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I have had 3 w124s. The problem is probably in your instrument cluster itself.

Mercedes-Benz... | Answered on Jan 02, 2019

Press the menu option on the steering wheel till you get to the temperature. press the up or down key until you get to see 'Run Flat: Active'. Then press the reset key (the key near the steering wheel to reset counter) that should do the job.

Mercedes-Benz... | Answered on Jan 02, 2019

Try disconnecting the battery for 10-15 minutes to reset everything . Or pull the fuse for the radio which will do the same thing.

Mercedes-Benz... | Answered on Jan 02, 2019

Noise from interior blower motor? If in engine compartment, go to drive belt. Shiny or cracked, replace. Hand spin the free spinning wheels for the belt to see if any are hard to turn. (Be feeling for roughness). If none, change belt. Take picture or make drawing of how belt is routed before removing.

Mercedes-Benz... | Answered on Jan 01, 2019

Both actions are used to select reverse on various makes of vehicle, have you tried seeing if there is a collar fitted just beneath the gear knob ? you normally have to lift the underside of the gear knob to get it into reverse

Mercedes-Benz... | Answered on Dec 31, 2018

I am not familiar with the model. Replacing pairs or sets has always been best practice even though the kerb side suspension tends to suffer a great deal more wear and tear and a greater likelihood of damage.

I imagine there is a device to monitor the suspension height that is either faulty or maladjusted. As it is a late model Mercedes I expect it is a fully computerised car and it is probable a clever fellow with a laptop and the right software would be needed to reset the default values after a repair and possibly even tell the system it has been repaired...

Mercedes-Benz... | Answered on Dec 27, 2018

The issue is probably due to damaged contacts on the membrane keypad or damaged tact switches within the fob. If you're comfortable doing so, open the fob to gain access to the switches or contacts. If it's a membrane style button then carefully clean the contacts on the circuit board with something like isopropyl alcohol or electrical parts cleaner. If using electrical parts cleaner, be careful not to get it on the plastic as it will likely soften, warp, and / or discolor the plastic. You're better off to spray on a cotton swab and clean the board with the swab.

If your fob uses tact switches, then you may opt to remove the switch from the board which will disable the panic feature. Or, if you have given up hope on the second fob, pull the switch from it and install that one on the otherwise working fob.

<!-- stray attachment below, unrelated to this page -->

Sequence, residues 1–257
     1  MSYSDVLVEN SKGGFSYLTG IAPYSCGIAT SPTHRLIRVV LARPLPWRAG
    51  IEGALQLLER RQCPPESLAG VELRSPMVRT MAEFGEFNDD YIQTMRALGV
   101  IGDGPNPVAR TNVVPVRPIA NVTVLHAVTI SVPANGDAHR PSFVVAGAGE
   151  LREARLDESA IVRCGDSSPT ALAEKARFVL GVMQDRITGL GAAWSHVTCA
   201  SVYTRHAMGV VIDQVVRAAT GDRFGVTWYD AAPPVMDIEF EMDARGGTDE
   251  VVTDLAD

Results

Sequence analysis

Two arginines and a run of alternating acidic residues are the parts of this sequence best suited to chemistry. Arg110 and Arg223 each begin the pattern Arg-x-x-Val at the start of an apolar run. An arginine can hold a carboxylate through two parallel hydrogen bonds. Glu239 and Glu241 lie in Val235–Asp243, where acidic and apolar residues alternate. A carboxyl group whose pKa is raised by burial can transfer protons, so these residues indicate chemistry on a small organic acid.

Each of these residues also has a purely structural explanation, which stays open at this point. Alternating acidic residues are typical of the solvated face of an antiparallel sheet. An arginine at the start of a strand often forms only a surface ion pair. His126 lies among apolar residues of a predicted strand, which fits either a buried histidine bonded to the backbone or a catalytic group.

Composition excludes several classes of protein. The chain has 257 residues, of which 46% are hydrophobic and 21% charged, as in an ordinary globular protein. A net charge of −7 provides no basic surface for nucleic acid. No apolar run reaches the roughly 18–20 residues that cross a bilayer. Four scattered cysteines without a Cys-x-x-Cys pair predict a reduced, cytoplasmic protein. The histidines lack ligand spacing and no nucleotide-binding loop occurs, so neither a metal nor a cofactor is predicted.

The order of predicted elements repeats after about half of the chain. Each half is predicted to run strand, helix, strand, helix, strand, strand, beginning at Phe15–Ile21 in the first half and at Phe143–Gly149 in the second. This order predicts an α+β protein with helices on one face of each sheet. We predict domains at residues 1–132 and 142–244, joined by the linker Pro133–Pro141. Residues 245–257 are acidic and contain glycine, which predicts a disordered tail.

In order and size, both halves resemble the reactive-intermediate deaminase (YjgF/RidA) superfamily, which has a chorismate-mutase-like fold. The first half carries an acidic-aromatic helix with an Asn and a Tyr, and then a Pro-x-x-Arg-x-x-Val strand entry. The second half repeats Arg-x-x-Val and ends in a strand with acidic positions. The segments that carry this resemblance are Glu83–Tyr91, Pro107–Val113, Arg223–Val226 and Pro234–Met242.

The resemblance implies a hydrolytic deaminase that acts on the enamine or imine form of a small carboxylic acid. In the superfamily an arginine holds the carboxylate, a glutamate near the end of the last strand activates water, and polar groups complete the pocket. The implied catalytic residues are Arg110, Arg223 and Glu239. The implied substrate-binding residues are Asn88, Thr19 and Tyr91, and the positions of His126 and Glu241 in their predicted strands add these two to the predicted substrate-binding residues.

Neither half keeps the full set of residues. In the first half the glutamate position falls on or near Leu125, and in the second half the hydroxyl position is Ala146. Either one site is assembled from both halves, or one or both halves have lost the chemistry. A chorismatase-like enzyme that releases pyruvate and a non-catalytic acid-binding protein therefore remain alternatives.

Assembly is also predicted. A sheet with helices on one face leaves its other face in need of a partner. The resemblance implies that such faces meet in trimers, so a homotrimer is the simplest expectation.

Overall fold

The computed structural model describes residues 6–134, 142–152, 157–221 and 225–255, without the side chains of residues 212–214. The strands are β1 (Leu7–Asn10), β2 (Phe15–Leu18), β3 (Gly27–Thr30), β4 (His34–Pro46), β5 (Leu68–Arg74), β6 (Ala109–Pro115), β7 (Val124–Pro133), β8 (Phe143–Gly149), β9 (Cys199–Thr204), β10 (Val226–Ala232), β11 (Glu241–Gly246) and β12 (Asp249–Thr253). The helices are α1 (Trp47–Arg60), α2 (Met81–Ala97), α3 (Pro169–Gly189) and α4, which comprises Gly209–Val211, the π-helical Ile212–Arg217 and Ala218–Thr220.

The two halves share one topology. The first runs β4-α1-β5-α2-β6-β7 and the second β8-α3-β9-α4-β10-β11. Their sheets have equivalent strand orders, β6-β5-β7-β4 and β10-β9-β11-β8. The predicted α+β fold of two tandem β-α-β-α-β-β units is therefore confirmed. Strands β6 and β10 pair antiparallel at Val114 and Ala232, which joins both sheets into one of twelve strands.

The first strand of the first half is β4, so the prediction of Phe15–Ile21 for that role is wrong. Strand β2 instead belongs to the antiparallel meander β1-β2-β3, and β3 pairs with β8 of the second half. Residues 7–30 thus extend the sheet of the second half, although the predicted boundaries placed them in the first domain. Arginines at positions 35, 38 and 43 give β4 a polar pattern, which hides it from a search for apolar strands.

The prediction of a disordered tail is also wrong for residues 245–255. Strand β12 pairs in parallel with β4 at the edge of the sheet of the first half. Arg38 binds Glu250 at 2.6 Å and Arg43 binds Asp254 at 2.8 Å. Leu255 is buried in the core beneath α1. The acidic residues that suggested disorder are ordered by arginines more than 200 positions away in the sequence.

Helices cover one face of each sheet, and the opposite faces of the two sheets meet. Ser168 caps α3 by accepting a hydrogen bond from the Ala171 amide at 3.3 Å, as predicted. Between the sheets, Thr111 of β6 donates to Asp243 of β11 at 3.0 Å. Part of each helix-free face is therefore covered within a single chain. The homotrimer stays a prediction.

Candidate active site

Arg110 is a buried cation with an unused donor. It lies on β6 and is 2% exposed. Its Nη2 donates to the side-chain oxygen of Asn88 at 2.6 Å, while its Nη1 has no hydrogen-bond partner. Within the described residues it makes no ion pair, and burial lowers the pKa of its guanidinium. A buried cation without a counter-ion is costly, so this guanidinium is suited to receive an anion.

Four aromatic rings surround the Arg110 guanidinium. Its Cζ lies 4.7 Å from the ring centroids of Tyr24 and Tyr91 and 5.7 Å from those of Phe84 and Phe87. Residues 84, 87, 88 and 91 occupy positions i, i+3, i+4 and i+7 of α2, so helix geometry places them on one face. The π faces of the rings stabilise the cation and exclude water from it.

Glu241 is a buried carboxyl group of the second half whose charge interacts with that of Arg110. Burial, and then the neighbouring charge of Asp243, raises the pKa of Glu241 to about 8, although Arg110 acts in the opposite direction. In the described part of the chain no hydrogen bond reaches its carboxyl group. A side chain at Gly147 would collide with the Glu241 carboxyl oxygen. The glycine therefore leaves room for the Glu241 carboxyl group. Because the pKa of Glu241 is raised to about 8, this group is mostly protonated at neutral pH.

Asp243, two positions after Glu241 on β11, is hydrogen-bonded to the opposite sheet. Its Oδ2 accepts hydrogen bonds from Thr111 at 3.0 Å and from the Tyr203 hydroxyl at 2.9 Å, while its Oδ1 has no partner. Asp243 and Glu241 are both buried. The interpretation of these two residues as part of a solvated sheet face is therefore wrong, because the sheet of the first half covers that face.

Mercedes-Benz... | Answered on Dec 27, 2018

For these problem,go through Mercedes Benz Car Repair Guide?
Keep updated for more help.

2005... | Answered on Dec 26, 2018

the easiest thing to do is replace fuse the computer will recognise a new one reset parameters

Mercedes-Benz... | Answered on Dec 26, 2018

Sounds like you got something sticking like the high idle sensor or it's bad all together you held the butterfly open and it got sent out of sink if that's the case you will have to re sink it then it should do fine

Mercedes-Benz... | Answered on Dec 26, 2018

Carburated right i believe it should be on drivers side underneath in between driver door and back dooralong e dge

Mercedes-Benz... | Answered on Dec 25, 2018

Inspect Battery Performance: An old battery can cause variety of electrical problems, including one that won't turn over.

Hence, the most important thing to do is to check the charge and age of the current Mercedes-Benz batteries. Usually, a good battery can last over a decade. However, even the best batteries should be replaced every 6-7 years to avoid any hassle.

Low charge is a major headache for many car owners. If you hear just a few clicks before it stops, then you can easily resolve the issue by just trickle charging your battery with a 12-volt battery charge.

2004... | Answered on Dec 24, 2018


Here's a link to a youtube video by Kent Bergsma. He is a Mercedes tech and likes to fix older cars. I would go to his site and get some info


Mercedes-Benz... | Answered on Dec 24, 2018

Remove the starter motor and check if there is a circular black plastic bung behind it, if there is remove the bung drill a hole through it approximately 10mm alternatively if doesn’t have the bung you can drill a hole in the O/S of the gearbox bell housing (meant to be drilled to 11.9mm but 10mm is fine) the reason for the disengagement is over pressure in the bell housing bizarrely causing the clutch to disengage.

Based on the other problem you describe sounds like a TCM fault, there was a recall on the TCM (if your truck has had it the 2 plugs on the TCM will be facing towards the front of the truck, if it hasn’t there would be 1 plug facing towards the front and 1 facing towards the back), if your truck has had the recall it would be worth booking into a dealer and try to push for parts warranty as the TCM selects the gears and operates the clutch.

Also on looking back at your question, after replacing the clutch the vehicle does require a teach in?
In a worse case scenario you’ll have to fork out for a TCM

Mercedes-Benz... | Answered on Dec 20, 2018

It is at the back of engine , at bottom of transmission bell housing in center

Mercedes-Benz... | Answered on Dec 20, 2018

have you turned the dash bulb dimmer switch by

Mercedes-Benz... | Answered on Dec 19, 2018

Will probably require a software update from the dealer

Mercedes-Benz... | Answered on Dec 19, 2018

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